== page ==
The comparison is not as clear as in other test sequences. Composition 2 did not see a 25 ppm polyphosphate high level and the Composition 2 program was operated at an average pH=8.6 causing the M alkalinity to be an average of 75 ppm higher than in the Composition 1 experiment. There are some interesting observations nevertheless. The average polyphosphate residual at maintenance level is higher for both products than in test Sequence C averaging 1.9 ppm as PO4 for Composition 2 and 2.2 ppm as PO4 for Composition 1. This higher residual is attributed to a lower basin temperature. The holding time indices were the same in Test Sequence C as they were in Test Sequence D.
The corrosion protection and deposit control of Composition 1 are both excellent. This further demonstrated the excellent performance of Composition 1 under conditions that would be expected to degrade the performance of an alkaline polyphosphate program. Composition 2 does poorly in corrosion protection and deposit control. This may be partially a result of failure to high-level at both 200 ppm and 100 ppm, but in consideration of Test Sequence C, Composition 2 would still be expected to be much less effective than Composition 1. The effect of lignosulfonate is not known. Some preliminary work should be done to determine if any benefits can be derived from the combination of lignosulfonate, Composition 2 and Composition 1.
This Test Sequence is similar to both Sequences C and D. The observation that average polyphosphate residual is a function of basin temperature appears to apply to this sequence as well: Polyphosphate Residuals vs. Basin Temperature.
______________________________________ A D C E 100° F. 110° F. 113° 117°______________________________________Composition 2 2.9 ppm 1.9 ppm 1.6 ppm --*Composition 1 4.8 ppm 2.2 ppm 1.3 ppm 0.3 ppm (116°)______________________________________ *not enough data
Unlike Sequences C and D, Composition 1 shows a mild steel tube corrosion rate above the 3.0 MPY (Table V).
TABLE V__________________________________________________________________________ TEST SEQUENCE EPCT OPERATING CONDITIONS High Low Avg. Calculated Level Level Basin Avg. Avg. Magnes- Avg. HoldingMake-up Dose Dose Temp System Calcium ium Conc. TimeWater PPM PPM Biocide ° F. pH Hardness Hardness Ratio Index__________________________________________________________________________COMP. 2Water B 200 40 bleach 117° F. 8.4 566 232 3.3 15.0COMP. 1Water B 420 84 bleach 117° F. 8.7 656 308 4.6 24.0__________________________________________________________________________CORROSION AND DEPOSIT RESULTS Mild Avg. Avg. Steel ms Tube ms Tube Avg. Admir- ADM ADM AvgTest Heat Corr. Corr. ms Tube alty Corr. Corr. ADM ms coupon Heat trans.Duration flux Rate mg. Dep. mg. Heat flux Rate mg. Dep mg Corr Rate Tube__________________________________________________________________________ desc.COMP. 28 days 5,000 18.4 1228 2760 15,000 3.2 213 164 -- scale,gen corrosionCOMP. 114 days 5,000 4.0 535 1063 15,000 0.45 59 846 2.3 soft scale, light surface attack.__________________________________________________________________________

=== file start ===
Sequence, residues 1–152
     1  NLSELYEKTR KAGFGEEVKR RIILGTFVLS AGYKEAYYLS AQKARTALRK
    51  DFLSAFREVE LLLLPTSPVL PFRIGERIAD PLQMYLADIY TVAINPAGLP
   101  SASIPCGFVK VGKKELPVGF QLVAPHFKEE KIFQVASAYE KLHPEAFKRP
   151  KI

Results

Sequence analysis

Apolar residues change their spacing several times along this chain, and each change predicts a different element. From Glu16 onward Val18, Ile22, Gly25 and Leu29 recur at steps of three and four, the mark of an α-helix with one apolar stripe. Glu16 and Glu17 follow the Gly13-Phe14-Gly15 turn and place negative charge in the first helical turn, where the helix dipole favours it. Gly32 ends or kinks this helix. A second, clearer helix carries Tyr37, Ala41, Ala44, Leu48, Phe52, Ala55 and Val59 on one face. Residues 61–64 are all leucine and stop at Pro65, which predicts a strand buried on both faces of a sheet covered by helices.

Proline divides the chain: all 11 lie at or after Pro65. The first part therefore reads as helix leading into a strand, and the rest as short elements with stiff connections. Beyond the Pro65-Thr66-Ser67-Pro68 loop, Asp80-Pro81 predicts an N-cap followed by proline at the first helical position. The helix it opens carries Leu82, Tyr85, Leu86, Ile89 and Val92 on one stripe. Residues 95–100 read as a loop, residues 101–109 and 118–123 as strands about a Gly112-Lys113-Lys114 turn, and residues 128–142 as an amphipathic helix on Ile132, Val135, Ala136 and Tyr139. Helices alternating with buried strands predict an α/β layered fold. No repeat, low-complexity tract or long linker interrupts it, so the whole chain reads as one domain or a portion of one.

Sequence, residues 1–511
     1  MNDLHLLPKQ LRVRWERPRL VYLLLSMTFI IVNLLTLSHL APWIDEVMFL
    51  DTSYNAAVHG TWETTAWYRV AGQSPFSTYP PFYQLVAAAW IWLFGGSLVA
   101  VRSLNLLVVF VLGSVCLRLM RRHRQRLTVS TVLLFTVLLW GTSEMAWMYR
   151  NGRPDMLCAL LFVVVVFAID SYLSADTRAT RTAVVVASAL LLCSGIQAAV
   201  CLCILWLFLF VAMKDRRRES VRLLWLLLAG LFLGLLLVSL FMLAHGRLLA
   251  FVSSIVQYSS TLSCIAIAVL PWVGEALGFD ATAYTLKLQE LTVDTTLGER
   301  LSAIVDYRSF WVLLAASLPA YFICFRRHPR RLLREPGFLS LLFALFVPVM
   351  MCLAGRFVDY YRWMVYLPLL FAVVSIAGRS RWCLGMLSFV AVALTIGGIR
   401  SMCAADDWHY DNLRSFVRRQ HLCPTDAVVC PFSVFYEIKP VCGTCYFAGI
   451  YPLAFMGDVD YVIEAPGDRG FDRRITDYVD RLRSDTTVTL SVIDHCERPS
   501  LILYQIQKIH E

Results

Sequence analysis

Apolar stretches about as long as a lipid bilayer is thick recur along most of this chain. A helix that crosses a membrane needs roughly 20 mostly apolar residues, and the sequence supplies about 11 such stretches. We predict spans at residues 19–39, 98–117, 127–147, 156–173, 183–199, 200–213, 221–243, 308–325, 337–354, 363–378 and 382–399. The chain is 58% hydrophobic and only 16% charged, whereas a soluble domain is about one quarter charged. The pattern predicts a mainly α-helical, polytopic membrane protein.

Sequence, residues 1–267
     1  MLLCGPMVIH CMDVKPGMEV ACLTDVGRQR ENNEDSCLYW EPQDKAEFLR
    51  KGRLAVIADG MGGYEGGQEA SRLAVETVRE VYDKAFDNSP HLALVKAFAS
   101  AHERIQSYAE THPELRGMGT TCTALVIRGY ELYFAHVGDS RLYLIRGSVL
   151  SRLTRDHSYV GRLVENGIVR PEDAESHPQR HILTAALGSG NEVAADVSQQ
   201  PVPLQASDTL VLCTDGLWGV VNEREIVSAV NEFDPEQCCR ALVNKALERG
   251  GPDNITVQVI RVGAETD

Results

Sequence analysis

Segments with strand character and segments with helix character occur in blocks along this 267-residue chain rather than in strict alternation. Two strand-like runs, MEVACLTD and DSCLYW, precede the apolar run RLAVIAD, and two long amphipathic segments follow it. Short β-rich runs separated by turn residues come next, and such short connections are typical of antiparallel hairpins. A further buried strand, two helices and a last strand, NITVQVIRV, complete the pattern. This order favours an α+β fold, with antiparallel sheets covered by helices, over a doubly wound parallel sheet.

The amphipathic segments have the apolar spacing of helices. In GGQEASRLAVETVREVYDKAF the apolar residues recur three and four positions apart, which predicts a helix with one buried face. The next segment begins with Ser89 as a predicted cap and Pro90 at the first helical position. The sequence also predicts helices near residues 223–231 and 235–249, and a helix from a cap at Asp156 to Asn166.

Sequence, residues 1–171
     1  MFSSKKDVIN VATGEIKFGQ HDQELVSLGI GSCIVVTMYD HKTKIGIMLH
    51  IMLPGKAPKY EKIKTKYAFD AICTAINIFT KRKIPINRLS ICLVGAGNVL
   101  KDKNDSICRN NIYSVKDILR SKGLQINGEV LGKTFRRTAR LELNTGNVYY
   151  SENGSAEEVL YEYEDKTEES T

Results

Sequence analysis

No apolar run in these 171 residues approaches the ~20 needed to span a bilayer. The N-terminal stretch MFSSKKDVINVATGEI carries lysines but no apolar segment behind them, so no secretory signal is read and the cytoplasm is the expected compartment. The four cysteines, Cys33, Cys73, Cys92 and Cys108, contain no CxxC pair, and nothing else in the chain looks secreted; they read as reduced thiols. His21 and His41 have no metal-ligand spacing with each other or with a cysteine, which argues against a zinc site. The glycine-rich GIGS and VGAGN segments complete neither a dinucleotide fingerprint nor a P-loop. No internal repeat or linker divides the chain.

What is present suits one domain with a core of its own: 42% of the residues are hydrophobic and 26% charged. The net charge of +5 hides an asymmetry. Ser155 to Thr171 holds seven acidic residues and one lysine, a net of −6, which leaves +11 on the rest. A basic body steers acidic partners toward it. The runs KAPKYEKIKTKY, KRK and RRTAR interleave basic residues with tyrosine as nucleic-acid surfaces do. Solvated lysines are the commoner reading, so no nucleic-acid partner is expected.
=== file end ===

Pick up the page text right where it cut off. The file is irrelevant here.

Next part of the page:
The combination of operating conditions that caused this deviation from previously seen excellent results is 24 hours holding time index, 117° F. basin temperature, and an average of 650 ppm calcium hardness in the recirculating water. The deposit weight increased along with the corrosion rate. The scale is composed of calcium phosphate scale and iron oxide. The presence of scale is caused by reversion by the polyphosphate to the ineffective orthophosphate ion. The results for Composition 2 are poor. Deposit weights averaging 2760 mg in only eight days are beyond explanation. The corrosion rate of 18.4 MPY after eight days would be less after 14 days but still three to four-fold higher than with Composition 1.
A very soft water was used in this sequence. When concentrated, this water produced calcium hardnesses in the 35-45 ppm range. This change produced the largest increase in mild steel corrosion rate of any of the variables tested. Since the P alkalinity was normally 10 or below (see Table VI), the potential for scale formation was nil.
TABLE VI__________________________________________________________________________ TEST SEQUENCE FPCT OPERATING CONDITIONS High Low Avg. Calculated Level Level Basin Avg. Avg. Magnes- Avg. HoldingMake-up Dose Dose Temp System Calcium ium Conc. TimeWater PPM PPM Biocide ° F. pH Hardness Hardness Ratio Index__________________________________________________________________________COMP. 2Water C 100 40 R & H 886 100° F. 8.5 32 19 4.5 19.0COMP. 1Water C 420/210 84 R & H 886 100° F. 8.5 47 22 4.7 20.0__________________________________________________________________________CORROSION AND DEPOSIT RESULTS Mild Avg. Avg. ms Steel ms Tube Tube Avg. Admir- ADM ADM AvgTest Heat Corr. Corr. ms Tube alty Corr. Corr. ADM ms coupon Heat trans.Duration flux Rate mg. Dep.mg. Heat flux Rate mg. Dep mg Corr Tube__________________________________________________________________________ desc.COMP. 214 days 10,000 54.8 7522 7856 10,000 4.6 611 246 55.5 severe surface attack.COMP. 114 days 10,000 22.2 2940 4035 10,000 0.38 42 50 17.6 severe general attack__________________________________________________________________________
Both products showed severe general corrosion attack. The corrosion rated observed were approximately a twelve-fold increase over that observed for standard conditions. Despite the poor results for both products, the daily tube observations indicated that both products had fair to excellent control at high level. Reduction of dosage to maintenance levels caused a dramatic rise in corrosion rate. Obviously, the maintenance dosage must be higher for both products. The Composition 1 test would be visually rated as excellent at 400 ppm and 200 ppm product fed. The Composition 2 test would be rated visually as fair at 100 ppm product fed.